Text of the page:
Do you have a family history of heart problems and want screening to ensure your heart does not have a serious underlying condition?
Do you have an existing heart condition and want to know if you can partake in a sporting event?
Hypertrophic cardiomyopathy is the commonest cause of sudden cardiac death in young people. Every year many young sports people across the world die from this and other cardiac conditions. Most people who have a cardiac arrest do not have the high level of medical support that is immediately available as it is at large professional sporting events. There are other heart conditions that can cause sudden cardiac death in young people. Many of these conditions can be screened for by a Consultant Cardiologist with such simple tests as an ECG and echocardiogram. Such screening is routinely done for all young sports people in some countries (Italy, for example) it is not routinely done in the NHS.
Fitness to Drive
The DVLA have published recommendations regarding fitness to drive in the presence for a variety of cardiac conditions. These vary depending on the type of license, restrictions for large goods vehicles (Heavy goods and public service vehicles) being more restrictive. Your assessment for this does not come under the remit of the NHS.
In order to renew an LGV license it is necessary for some patients to undergo an exercise ECG or sometimes a stress echo investigation to fulfil the DVLA guidelines. Dr Hogg with Albyn Hospital can undertake DVLA exercise ECG investigations and provide a report directly to the DVLA under their instruction.
An overview of driving and your heart is on the BHF website.
Please note that this does not cover all investigations and procedures and if you are in any doubt you should contact your attending doctor, who should advise further.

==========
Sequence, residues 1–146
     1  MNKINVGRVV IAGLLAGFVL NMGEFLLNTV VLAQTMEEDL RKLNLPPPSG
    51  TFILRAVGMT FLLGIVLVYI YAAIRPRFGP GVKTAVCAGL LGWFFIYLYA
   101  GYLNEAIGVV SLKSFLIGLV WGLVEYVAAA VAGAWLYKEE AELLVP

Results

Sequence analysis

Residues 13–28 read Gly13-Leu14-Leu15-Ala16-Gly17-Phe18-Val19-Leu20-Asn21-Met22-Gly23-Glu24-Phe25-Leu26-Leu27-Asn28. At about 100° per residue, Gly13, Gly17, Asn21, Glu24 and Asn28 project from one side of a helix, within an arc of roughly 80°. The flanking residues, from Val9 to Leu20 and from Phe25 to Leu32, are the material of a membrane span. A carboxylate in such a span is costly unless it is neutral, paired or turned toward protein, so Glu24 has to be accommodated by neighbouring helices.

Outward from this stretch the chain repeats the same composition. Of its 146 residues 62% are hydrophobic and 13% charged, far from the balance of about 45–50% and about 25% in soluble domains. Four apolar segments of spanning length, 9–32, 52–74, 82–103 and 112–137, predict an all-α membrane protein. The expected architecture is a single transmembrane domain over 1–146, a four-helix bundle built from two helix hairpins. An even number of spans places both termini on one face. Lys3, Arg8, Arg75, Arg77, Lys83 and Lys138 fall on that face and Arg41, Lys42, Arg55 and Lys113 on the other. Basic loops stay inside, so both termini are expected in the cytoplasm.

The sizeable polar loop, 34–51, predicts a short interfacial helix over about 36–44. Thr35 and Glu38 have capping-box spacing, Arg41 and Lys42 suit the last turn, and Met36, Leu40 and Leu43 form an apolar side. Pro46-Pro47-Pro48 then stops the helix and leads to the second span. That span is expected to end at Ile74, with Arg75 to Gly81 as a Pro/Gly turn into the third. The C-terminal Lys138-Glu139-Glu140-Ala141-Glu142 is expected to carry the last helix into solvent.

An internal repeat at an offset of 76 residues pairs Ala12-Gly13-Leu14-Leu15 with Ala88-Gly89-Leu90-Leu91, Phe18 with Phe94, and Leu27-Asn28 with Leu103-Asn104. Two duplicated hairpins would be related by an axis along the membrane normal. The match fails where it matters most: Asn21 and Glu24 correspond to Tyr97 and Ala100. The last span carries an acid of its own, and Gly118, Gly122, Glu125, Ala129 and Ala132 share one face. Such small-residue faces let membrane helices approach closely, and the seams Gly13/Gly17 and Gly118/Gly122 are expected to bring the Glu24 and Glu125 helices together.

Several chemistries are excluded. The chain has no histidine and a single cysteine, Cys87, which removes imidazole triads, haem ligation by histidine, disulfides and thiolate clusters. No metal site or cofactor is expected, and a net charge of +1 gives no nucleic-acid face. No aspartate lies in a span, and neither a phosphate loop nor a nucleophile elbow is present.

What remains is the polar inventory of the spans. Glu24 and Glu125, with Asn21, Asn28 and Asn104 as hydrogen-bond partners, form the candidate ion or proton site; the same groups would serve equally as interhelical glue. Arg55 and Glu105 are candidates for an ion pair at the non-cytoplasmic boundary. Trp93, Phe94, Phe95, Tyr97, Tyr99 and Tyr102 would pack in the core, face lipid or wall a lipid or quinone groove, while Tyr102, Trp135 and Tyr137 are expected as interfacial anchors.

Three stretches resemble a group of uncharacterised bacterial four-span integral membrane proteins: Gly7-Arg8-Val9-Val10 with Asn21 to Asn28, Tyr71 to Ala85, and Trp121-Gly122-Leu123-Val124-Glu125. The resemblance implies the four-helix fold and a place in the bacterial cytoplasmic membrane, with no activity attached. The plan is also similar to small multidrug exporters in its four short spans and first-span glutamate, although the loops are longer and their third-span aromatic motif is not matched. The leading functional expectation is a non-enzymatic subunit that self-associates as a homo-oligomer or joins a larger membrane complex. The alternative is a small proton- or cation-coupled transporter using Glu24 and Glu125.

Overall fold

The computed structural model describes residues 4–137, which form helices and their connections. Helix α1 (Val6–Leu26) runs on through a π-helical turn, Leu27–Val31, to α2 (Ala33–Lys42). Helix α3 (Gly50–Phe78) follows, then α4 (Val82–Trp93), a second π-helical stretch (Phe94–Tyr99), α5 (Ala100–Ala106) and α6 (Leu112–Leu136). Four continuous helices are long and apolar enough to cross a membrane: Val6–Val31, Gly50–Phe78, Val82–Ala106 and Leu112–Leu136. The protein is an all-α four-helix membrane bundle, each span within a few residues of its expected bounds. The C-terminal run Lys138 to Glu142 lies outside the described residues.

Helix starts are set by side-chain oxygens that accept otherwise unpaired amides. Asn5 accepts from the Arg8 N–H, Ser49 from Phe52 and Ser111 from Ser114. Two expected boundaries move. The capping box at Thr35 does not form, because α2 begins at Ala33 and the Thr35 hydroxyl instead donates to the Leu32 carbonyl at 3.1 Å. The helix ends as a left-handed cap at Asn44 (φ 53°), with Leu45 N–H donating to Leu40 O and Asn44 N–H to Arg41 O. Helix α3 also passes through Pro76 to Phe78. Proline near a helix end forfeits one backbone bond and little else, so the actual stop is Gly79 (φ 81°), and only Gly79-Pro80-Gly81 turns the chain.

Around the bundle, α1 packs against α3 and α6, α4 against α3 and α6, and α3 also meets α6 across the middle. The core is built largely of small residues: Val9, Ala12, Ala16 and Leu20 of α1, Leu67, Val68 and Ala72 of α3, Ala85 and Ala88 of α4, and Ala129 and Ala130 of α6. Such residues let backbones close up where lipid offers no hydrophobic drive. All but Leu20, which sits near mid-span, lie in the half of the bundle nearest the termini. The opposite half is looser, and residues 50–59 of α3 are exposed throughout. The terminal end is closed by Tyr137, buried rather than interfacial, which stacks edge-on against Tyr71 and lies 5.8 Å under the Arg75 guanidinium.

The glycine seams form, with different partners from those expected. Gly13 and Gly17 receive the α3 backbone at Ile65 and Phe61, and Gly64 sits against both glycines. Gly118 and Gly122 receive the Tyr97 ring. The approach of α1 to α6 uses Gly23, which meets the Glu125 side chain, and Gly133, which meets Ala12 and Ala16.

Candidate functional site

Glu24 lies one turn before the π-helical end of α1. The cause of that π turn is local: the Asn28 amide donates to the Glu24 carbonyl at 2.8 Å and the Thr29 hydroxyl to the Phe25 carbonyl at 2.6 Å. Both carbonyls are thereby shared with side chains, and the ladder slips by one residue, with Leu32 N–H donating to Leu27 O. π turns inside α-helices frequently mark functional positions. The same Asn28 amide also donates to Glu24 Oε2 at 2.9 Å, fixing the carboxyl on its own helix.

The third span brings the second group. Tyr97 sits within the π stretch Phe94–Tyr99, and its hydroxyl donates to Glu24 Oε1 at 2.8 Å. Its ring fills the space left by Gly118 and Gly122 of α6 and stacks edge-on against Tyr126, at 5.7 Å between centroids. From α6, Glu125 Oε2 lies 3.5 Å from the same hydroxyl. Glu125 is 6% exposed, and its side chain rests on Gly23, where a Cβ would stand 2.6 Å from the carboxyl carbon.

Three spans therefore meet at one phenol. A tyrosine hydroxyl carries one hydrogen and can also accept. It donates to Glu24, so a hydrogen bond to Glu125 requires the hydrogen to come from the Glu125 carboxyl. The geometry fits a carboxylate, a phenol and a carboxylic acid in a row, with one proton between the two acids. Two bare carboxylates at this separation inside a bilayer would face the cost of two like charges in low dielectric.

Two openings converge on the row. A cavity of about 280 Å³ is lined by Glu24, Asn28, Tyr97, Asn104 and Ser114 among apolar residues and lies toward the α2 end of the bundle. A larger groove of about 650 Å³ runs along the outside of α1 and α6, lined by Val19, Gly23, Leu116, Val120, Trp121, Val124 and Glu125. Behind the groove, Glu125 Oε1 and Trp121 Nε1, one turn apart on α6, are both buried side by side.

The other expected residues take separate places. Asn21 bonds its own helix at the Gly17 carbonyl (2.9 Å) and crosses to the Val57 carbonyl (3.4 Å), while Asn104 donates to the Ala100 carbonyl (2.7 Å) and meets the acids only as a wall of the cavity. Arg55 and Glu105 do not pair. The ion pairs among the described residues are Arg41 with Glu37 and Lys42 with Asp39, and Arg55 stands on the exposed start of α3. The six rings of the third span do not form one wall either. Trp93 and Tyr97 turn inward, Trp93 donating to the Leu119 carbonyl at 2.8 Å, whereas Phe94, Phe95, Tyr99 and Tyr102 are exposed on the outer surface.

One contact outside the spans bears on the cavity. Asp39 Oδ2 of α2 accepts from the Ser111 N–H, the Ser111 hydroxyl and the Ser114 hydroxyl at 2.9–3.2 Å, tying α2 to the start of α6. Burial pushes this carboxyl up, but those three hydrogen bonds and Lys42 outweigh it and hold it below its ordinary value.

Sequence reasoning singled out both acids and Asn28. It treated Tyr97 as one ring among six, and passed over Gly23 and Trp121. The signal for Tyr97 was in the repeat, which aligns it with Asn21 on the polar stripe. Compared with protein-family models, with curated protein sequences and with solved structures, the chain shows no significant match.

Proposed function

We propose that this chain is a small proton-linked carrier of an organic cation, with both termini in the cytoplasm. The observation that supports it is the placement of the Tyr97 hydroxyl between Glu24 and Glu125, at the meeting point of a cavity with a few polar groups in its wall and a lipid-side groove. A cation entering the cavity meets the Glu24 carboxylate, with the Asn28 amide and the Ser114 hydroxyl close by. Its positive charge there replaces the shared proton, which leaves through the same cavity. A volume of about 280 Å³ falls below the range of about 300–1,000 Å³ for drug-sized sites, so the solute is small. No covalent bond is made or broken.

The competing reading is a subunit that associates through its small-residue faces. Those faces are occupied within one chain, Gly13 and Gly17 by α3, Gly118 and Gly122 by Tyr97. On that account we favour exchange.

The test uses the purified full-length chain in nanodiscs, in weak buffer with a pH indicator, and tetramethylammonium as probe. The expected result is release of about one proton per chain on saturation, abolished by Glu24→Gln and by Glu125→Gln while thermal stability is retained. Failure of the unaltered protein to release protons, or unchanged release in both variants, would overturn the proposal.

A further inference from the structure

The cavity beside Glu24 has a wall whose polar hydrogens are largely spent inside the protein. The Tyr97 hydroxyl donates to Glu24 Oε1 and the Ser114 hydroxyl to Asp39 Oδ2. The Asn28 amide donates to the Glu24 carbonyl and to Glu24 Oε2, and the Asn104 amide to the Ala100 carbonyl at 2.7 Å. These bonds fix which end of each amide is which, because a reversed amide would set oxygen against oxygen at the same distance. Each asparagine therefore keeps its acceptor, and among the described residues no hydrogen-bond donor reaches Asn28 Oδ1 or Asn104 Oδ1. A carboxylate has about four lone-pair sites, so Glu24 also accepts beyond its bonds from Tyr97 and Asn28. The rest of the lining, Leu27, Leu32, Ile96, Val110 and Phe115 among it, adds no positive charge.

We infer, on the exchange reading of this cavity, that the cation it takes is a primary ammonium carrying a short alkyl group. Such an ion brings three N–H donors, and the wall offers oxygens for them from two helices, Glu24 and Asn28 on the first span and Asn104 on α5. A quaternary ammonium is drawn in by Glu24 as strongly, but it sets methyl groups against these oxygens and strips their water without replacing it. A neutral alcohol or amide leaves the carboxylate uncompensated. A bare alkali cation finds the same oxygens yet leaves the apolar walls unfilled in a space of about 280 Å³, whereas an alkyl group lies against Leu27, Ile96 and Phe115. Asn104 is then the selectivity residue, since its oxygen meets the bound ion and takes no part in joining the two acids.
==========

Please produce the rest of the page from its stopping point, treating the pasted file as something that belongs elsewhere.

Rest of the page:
For patients who drive a car and are not subject to the LGV (Class 2) regulations, there are still some restrictions for driving if you have cardiac disease and/or have undergone cardiac investigations. In general, if you have an investigation or procedure that requires administration of a sedative, it is likely you will be advised not to drive for at least 24 hours. Also, patient who have undergone coronary angiography, for which the DVLA do not give specific guidance, are generally advised not to drive the day of or following the procedure. These are general guidelines and may vary from individual to individual so you should always check with your consultant, especially if you are in any doubt.
Fitness to Travel
If you have a heart condition then finding a company that can provide you with insurance for your holiday can be difficult. An overview of travelling and your heart can be found at the British Heart Foundation website.
If you are not sure about fitness to travel and your heart why not book an appointment to see Dr Duncan Hogg for a professional opinion.